Award-winning Christian singer Natalie Grant used her platform this week to admonish mothers who body shame their children.
The “Clean” singer took her message to Instagram Wednesday where she described an encounter she had at her doctor’s office with her daughter, Sadie, who was there for her annual checkup. Grant said her 8-year-old daughter stepped onto the scale to take her weight and height and then stepped off to go into an examination room. Then another mother walked in with her daughter who stepped onto the scale to take her weight.
“This [teenage] girl gets on the scale and her mom, loudly, so that everybody could hear, goes, 'Woah, you're getting up there, oh my word,'” Grant said, describing what she witnessed.
Grant said she was so upset she felt like “punching” the mom.
“When I looked at that beautiful teenage girl, when I looked at her face that was just covered in shame, she just wanted to disappear,” Grant said. “We were leaving and I just said [to her] I hope you know how beautiful you are, I mean you ARE so beautiful!”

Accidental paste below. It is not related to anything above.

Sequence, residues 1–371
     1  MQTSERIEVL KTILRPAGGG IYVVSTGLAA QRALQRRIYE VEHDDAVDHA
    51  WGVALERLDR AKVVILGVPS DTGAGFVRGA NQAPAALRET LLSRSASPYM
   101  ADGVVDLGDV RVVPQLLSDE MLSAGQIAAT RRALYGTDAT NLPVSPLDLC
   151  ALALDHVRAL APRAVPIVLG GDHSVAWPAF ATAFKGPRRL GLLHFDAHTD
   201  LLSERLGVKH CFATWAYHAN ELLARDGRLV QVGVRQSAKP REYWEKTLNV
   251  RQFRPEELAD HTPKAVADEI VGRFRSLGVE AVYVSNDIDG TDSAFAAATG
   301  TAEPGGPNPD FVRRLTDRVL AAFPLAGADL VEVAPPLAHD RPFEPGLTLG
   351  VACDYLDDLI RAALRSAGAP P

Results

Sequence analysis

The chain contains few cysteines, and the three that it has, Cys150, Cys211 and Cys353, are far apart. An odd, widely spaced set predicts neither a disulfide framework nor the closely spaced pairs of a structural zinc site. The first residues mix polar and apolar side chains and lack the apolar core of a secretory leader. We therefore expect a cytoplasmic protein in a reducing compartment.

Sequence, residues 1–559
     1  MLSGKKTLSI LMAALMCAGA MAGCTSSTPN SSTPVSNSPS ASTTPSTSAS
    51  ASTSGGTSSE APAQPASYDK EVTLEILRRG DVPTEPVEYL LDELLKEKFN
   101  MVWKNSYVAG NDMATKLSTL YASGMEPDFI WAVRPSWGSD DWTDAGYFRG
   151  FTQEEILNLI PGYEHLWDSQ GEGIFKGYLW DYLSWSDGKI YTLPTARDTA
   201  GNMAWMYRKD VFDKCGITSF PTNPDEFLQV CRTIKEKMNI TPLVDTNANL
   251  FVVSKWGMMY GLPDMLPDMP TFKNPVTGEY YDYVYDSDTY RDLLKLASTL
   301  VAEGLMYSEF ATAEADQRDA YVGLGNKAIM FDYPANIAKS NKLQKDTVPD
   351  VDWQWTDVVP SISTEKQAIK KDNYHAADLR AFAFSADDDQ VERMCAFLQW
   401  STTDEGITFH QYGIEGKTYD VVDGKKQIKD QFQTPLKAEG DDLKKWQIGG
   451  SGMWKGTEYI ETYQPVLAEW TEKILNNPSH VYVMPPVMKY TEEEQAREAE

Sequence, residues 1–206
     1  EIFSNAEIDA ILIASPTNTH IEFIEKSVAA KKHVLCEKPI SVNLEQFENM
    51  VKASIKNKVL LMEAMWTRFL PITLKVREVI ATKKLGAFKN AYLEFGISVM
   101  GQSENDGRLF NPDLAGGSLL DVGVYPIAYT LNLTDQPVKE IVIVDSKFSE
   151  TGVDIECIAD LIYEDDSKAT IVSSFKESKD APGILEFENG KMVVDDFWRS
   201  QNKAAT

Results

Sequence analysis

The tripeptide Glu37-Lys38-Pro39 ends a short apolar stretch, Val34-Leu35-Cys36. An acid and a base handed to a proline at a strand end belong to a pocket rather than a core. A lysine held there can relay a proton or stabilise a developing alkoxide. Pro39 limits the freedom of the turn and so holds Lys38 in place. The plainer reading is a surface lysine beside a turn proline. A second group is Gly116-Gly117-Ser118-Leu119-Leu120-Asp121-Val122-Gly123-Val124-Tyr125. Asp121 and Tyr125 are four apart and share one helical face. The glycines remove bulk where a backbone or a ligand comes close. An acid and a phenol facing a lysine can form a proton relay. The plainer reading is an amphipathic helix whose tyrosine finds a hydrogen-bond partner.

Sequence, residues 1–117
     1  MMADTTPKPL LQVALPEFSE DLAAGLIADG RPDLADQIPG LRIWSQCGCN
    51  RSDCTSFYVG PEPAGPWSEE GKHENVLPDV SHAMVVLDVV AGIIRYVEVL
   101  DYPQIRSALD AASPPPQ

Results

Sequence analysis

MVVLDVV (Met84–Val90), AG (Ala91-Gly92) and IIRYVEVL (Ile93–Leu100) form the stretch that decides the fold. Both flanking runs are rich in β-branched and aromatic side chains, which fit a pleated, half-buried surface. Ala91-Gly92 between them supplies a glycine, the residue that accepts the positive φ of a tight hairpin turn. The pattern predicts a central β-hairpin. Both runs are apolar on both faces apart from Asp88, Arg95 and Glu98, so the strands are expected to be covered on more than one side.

The soulful singer described how shocked she was to see how a comment like that could rip someone apart. She then decided to use her post as a public service announcement for moms on how they speak to their children, especially in public.
“Moms, we have to do better than that. I am not a perfect mom, I make so many mistakes every single day. But I'm telling you, that is not going to be one of them,” Grant declared.
She added: “My three daughters will have a hard enough time with their self-image, their body image, with what the world is throwing at them. I should be the last person that would ever body shame my beautiful daughter's. Moms, don't do it. You gotta do better for your kids!”
The Dove Award-winner said even negative looks toward children are damaging because children are very perceptive.
“I promise, that kind of body shaming will never bring the result you're looking for and all it will do is destroy your child.
“Let's be better for our kids,” she concluded.
Grant captioned the video by sharing some statistics she found on FitRated.com.
The study on the site revealed that “nearly 63 percent of women said they’d been body-shamed by their mothers.” The percentage was shockingly a bit more than the criticism they felt from friends.
Grant had one final message in her caption, “MOMS — maybe it’s not as blatant as what I witnessed today, but take inventory of what you say, how you say it, and even what your body language is telling your kids about how they look. One comment can take a lifetime to untangle.”
The post received thousands of likes and comments from people such as gospel legend Sandi Patty, pop star Natasha Bedingfield, and many others. Several of Grant's followers shared that they, too, received negative comments from their mothers and it led to various eating disorders. Many others vowed that they will watch their words and only speak life over their children, like Grant.